Personal Representative: The person appointed by the court in a probate case to handle an estate. This person is often referred to as the “PR” and in some states is called the “executor”. The decedent’s will can name the PR, but the PR generally does not have the authority to act until appointed by the court.

Petition: A written request to the court for an order.

Probate: The formal court process that allows collection of a decedent’s assets, payment of bills and taxes, and distribution of property to the heirs or devisees. In Hawaii, probate occurs in the Circuit Court in the county where the decedent lived or where his/her real estate is located.

Reciprocal Beneficiaries: In Hawaii, two adults who legally cannot marry each other may register with the Department of Health as reciprocal beneficiaries. Under Hawaii probate law, they will generally have the same legal rights as husband and wife.

Recordation: In Hawaii, title to land is recorded in either the Land Court System or the Regular System. Land in either system has to go through probate if it is in the sole name of the decedent. If it is in Regular System, it can be given to the beneficiaries by a simple deed. But if it is in the Land Court System, various court documents must also be recorded.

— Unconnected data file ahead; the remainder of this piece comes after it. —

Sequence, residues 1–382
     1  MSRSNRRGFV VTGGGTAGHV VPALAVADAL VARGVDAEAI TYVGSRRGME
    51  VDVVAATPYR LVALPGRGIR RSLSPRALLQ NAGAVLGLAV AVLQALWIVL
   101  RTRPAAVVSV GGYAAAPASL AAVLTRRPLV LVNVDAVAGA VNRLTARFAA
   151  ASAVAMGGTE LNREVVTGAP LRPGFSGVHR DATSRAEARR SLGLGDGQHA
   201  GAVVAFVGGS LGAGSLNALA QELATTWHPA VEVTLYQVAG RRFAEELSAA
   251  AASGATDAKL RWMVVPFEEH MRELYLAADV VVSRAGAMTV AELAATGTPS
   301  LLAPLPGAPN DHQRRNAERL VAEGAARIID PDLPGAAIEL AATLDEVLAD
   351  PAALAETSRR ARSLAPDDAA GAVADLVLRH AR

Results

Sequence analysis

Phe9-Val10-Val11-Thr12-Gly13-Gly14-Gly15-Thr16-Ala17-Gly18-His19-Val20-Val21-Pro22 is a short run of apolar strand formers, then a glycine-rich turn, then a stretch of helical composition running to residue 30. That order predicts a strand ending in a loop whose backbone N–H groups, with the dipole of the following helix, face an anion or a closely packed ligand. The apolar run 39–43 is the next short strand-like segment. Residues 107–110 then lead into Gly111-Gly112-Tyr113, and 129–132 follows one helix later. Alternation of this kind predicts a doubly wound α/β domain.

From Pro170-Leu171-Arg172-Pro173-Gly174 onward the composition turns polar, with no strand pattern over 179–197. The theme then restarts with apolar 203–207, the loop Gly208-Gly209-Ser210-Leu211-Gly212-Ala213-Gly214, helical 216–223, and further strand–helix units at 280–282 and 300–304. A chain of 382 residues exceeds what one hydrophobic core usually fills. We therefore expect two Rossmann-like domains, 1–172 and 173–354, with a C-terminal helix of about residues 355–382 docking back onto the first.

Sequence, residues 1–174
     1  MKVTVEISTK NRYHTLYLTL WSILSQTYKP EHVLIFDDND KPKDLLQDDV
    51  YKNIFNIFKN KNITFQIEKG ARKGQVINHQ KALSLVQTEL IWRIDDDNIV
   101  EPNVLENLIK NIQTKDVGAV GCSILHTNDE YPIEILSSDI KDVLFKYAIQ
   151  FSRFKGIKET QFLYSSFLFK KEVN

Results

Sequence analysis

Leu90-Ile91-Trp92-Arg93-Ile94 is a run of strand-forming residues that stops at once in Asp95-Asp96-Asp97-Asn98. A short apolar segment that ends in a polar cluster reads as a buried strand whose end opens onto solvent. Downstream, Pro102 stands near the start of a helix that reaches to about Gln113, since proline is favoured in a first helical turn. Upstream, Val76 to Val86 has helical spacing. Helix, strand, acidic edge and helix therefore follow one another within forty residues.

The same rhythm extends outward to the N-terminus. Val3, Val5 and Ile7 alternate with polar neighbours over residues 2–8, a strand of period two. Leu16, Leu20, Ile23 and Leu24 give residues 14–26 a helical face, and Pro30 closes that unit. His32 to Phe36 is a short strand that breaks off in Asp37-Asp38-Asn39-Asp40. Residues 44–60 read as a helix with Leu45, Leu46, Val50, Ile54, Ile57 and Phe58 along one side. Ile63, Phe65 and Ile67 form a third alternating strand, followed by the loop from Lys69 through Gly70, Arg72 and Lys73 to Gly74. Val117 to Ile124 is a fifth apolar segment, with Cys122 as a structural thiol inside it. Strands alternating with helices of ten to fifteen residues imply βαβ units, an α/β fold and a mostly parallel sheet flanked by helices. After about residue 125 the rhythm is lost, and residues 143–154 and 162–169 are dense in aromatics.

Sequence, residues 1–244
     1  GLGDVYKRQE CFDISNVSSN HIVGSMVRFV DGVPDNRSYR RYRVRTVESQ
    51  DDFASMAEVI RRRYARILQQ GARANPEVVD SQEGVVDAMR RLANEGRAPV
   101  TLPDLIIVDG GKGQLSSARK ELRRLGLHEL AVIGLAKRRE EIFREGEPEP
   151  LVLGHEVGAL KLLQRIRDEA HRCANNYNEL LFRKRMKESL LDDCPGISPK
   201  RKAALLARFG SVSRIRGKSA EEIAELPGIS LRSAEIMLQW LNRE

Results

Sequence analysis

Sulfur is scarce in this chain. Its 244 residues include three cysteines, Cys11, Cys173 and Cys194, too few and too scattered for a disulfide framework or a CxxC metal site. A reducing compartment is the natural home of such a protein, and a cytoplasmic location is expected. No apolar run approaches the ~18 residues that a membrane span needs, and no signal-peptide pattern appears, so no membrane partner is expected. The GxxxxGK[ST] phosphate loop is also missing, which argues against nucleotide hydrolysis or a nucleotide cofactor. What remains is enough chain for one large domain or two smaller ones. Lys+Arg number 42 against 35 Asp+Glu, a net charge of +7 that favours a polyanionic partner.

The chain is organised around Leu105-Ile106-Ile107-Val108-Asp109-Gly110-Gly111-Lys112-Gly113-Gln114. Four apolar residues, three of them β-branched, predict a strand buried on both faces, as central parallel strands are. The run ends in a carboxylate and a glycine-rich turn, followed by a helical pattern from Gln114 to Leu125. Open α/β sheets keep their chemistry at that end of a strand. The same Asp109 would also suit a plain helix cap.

Tenants by the Entirety: A way for a married couple to own an asset together. Neither can sell his or her half without the consent of the other. If one is sued, a creditor cannot take away the property. If one dies, the property goes to the other without probate.

Tenants in Common: A way for two or more people to own property together. If one dies, that person’s share does not go automatically to the other owner(s), but instead goes according to that person’s will.

Testate: This means dying with a valid will. Property will go to the people (called “devisees”) who are named in the will.

Testator: The person who signs a will. Traditionally a “testator” was a male and a “testatrix” was a female, but in Hawaii “testator” means a person of either sex who signs a will.

Trust: An arrangement in which one person (the “Settlor” or “Grantor”) transfers property to another person (the “Trustee”) to be held for the benefit of others (the “Beneficiaries”). The most common trust today is the self trusteed revocable living trust, where a person transfers property to herself as trustee, for the benefit of herself as beneficiary. Upon the person’s death, the assets held in the name of the trust do not have to go through probate. However, the trust estate will still need to be administered, which in many ways is similar to a probate but does not involve a court.

Trustee: The person who holds legal title to the assets of a trust. The trustee is responsible for managing and investing the assets of the trust and makes distributions to the beneficiaries. The trustee must follow the instructions in the trust document.

Will: A legal document which says who will inherit assets. In Hawaii, a will generally must be signed by two witnesses, although there are a few exceptions to this rule.